How to format your references using the Infectious Diseases and Therapy citation style

This is a short guide how to format citations and the bibliography in a manuscript for Infectious Diseases and Therapy. For a complete guide how to prepare your manuscript refer to the journal's instructions to authors.

Using reference management software

Typically you don't format your citations and bibliography by hand. The easiest way is to use a reference manager:

PaperpileThe citation style is built in and you can choose it in Settings > Citation Style or Paperpile > Citation Style in Google Docs.
EndNoteFind the style here: output styles overview
Mendeley, Zotero, Papers, and othersThe style is either built in or you can download a CSL file that is supported by most references management programs.
BibTeXBibTeX syles are usually part of a LaTeX template. Check the instructions to authors if the publisher offers a LaTeX template for this journal.

Journal articles

Those examples are references to articles in scholarly journals and how they are supposed to appear in your bibliography.

Not all journals organize their published articles in volumes and issues, so these fields are optional. Some electronic journals do not provide a page range, but instead list an article identifier. In a case like this it's safe to use the article identifier instead of the page range.

A journal article with 1 author
1. A’Hearn MF. The comet no one saw. Nature. 2000;405:285, 287.
A journal article with 2 authors
1. Weston EM, Lister AM. Insular dwarfism in hippos and a model for brain size reduction in Homo floresiensis. Nature. 2009;459:85–8.
A journal article with 3 authors
1. Debayle E, Kennett B, Priestley K. Global azimuthal seismic anisotropy and the unique plate-motion deformation of Australia. Nature. 2005;433:509–12.
A journal article with 7 or more authors
1. Dean C, Leakey MG, Reid D, Schrenk F, Schwartz GT, Stringer C, et al. Growth processes in teeth distinguish modern humans from Homo erectus and earlier hominins. Nature. 2001;414:628–31.

Books and book chapters

Here are examples of references for authored and edited books as well as book chapters.

An authored book
1. Summerhayes SD. CDM Regulations 2015 Procedures Manual. Chichester, UK: John Wiley &;#38; Sons, Ltd; 2016.
An edited book
1. Bennett G. Objective-C for Absolute Beginners: iPhone, iPad, and Mac Programming Made Easy. Fisher M, Lees B, editors. Berkeley, CA: Apress; 2010.
A chapter in an edited book
1. Fairman D, Chigas D, McClintock E, Drager N. Meeting Implementation Challenges. In: Chigas D, McClintock E, Drager N, editors. Negotiating Public Health in a Globalized World: Global Health Diplomacy in Action. Dordrecht: Springer Netherlands; 2012. p. 81–93.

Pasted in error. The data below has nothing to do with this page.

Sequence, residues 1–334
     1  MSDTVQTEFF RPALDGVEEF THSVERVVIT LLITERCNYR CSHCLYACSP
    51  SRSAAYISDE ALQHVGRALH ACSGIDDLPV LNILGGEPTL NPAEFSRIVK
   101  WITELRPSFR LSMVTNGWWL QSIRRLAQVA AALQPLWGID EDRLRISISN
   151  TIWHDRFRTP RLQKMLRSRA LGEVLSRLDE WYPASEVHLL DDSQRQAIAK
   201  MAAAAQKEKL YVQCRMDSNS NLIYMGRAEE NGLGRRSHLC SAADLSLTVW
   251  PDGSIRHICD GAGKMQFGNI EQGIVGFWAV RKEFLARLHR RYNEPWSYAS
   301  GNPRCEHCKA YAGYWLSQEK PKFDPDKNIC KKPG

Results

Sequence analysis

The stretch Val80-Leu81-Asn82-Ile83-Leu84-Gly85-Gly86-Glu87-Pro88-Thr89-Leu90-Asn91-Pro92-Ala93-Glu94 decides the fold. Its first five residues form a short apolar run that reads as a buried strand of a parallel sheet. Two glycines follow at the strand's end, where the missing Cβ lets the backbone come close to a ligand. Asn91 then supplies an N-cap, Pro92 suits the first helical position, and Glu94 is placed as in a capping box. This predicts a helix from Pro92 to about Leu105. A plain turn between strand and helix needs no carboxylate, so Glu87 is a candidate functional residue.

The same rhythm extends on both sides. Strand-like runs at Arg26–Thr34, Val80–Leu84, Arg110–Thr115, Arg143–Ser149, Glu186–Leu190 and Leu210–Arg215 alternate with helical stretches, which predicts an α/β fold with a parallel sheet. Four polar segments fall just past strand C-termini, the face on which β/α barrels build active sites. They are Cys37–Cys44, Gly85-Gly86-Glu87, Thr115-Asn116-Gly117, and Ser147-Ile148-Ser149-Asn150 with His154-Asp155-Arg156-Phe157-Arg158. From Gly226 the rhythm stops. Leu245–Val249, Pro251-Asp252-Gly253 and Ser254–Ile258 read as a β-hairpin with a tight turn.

Web sites

Sometimes references to web sites should appear directly in the text rather than in the bibliography. Refer to the Instructions to authors for Infectious Diseases and Therapy.

Blog post
1. O`Callaghan J. Metallic Glass Alloys Could Be Stronger Than Steel But As Malleable As Putty [Internet]. IFLScience. IFLScience; 2015 [cited 2018 Oct 30]. Available from:


This example shows the general structure used for government reports, technical reports, and scientific reports. If you can't locate the report number then it might be better to cite the report as a book. For reports it is usually not individual people that are credited as authors, but a governmental department or agency like "U. S. Food and Drug Administration" or "National Cancer Institute".

Government report
1. Government Accountability Office. Air Pollution: EPA’s Efforts to Control Gasoline Vapors From Motor Vehicles. Washington, DC: U.S. Government Printing Office; 1989 Oct. Report No.: RCED-90-21.

Theses and dissertations

Theses including Ph.D. dissertations, Master's theses or Bachelor theses follow the basic format outlined below.

Doctoral dissertation
1. Long RE. Performance Assessment of Predicted Heat Strain in High Heat Stress Exposures [Doctoral dissertation]. [Tampa, FL]: University of South Florida; 2011.

News paper articles

Unlike scholarly journals, news papers do not usually have a volume and issue number. Instead, the full date and page number is required for a correct reference.

New York Times article
1. MacFARQUHAR N. Conspiracy Theories Mix With Somber Condolences. New York Times. 2015 Jan 13;A11.

In-text citations

References should be cited in the text by sequential numbers in square brackets:

This sentence cites one reference [1].
This sentence cites two references [1,2].
This sentence cites four references [1–4].

About the journal

Full journal titleInfectious Diseases and Therapy
AbbreviationInfect. Dis. Ther.
ISSN (print)2193-8229
ISSN (online)2193-6382
ScopeInfectious Diseases
Microbiology (medical)

Other styles